In citing Grodt and McKay Realty Inc. v. Commissioner, supra, the IRS relied upon a number of factors in determining whether the burdens and benefits of ownership of the property have fallen upon a particular party. These factors include:

  • Whether legal title passes
  • How the parties treat the transaction
  • Whether an equity interest was acquired in the property
  • Whether the contract creates a present obligation on the seller to execute and deliver a deed, and a present obligation of the purchaser to make payments
  • Whether the right of possession is vested in the purchaser
  • Which party pays the property taxes
  • Which party bears the risk of loss or damage to the property
  • Which party receives the profits from the operation and sale of the property

Accordingly, although the Private Letter Ruling does not specifically mention the capital loss issue or the amended value sale issue, it does bear directly upon both. One may assume that a fixed-fee contract, where the relocation company uses a "pure amended value" sale, may pass scrutiny as (a) not creating taxable income to the employee and (b) creating an ordinary business expense for the employer in the payment of the fixed fee.

Impact on the issue of taxable income:

Note again that Revenue Ruling 72-339 is predicated upon the existence of two transactions and that it appears to be both the position of the ERC, as well as the IRS, that the application of 72-339 is partially based upon whether the economic reality of the transaction is that the employer or its relocation service company is, in fact, the owner of the home. The two transactions (the first from employee to employer and the second from employer to ultimate purchaser) are separable. If in fact the relocation service provider is deemed to be the economic owner of the home through completion of a separate sales transaction with the employee and followed by the relocation company, bearing the benefits and burdens of ownership, then the costs attendant to the disposition of the property should not be taxable income to the employee.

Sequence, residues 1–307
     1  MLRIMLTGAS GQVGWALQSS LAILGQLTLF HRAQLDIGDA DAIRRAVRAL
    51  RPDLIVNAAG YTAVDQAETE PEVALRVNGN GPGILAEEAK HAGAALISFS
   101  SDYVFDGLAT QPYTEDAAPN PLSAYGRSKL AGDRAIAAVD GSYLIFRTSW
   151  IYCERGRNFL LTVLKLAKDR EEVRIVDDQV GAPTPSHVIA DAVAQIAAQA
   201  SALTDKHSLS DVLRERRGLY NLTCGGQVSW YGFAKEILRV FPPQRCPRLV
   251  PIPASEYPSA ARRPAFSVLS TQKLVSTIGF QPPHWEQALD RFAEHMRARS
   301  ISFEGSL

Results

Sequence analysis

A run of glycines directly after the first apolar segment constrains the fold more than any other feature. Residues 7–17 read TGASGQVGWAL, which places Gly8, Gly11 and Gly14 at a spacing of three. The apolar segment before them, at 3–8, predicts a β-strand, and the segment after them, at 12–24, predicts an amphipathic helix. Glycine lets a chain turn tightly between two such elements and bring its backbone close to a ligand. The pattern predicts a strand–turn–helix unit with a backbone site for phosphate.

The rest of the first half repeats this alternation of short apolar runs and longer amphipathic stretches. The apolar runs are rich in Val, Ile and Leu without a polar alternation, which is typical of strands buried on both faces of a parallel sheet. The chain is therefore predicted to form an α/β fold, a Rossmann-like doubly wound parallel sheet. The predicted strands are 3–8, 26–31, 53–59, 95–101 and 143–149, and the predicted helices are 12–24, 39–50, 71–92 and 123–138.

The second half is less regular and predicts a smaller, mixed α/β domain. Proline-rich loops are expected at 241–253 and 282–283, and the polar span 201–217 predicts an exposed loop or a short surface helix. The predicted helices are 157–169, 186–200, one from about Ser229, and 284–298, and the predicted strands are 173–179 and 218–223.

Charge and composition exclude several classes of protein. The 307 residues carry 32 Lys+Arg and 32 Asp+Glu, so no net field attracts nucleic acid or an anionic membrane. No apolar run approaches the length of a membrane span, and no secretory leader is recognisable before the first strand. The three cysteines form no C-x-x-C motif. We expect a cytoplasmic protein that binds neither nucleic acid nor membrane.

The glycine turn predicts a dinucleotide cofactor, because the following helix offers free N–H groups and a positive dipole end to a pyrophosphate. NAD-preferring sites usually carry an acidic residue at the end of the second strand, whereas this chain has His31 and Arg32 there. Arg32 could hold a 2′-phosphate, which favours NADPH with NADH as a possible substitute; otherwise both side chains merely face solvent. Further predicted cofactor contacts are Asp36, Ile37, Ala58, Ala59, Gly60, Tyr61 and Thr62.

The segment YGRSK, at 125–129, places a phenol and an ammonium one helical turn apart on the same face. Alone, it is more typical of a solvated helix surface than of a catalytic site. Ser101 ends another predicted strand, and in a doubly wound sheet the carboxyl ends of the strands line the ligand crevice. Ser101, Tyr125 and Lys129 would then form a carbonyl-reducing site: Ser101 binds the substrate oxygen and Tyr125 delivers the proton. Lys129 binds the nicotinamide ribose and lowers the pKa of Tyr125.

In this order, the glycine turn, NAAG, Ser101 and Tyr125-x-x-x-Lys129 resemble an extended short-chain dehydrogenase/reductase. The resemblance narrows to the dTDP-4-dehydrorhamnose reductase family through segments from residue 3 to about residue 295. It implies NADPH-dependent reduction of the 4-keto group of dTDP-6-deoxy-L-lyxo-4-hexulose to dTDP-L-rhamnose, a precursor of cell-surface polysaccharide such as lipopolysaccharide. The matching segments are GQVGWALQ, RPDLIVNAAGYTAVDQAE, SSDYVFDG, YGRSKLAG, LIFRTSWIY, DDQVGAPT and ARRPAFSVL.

Impact on capital loss:

Again, if the relocation service company is, in economic fact, the owner of the property, attendant with all risks and rewards of ownership, the Private Letter Ruling indicates that the relocation company, rather than the employer, is the owner of the property. As such, payments of a fixed fee from the employer to the relocation service company, which are not conditioned upon the actual economic losses and expenses incurred in the ownership of the property by the relocation service company, should result in the treatment of the fixed fee as an ordinary expense to the employer.

The Amdahl Case and its Impact

In furtherance of the position taken in Technical Advice Memorandum 90-36003, the IRS took the Amdahl Corp. to tax court in 1997, asserting that the costs of its assigned sale program created capital losses, not ordinary business expenses (Amdahl v. Commissioner, 108 T.C. 507 [1997]). The court held that the assigned sale did not create ownership of homes by the corporation, using the criteria of Grodt and McKay Realty v. Commissioner, supra. The court focused on the fact that the assigned sale never vested legal title in the company or its third-party supplier; that the benefits and burdens of ownership never shifted to the company or its third-party supplier; and that the employee, under Amdahl's benefit program, would receive the benefit of any increased sales price if the home was resold by the third-party supplier for more than what was paid to the employee.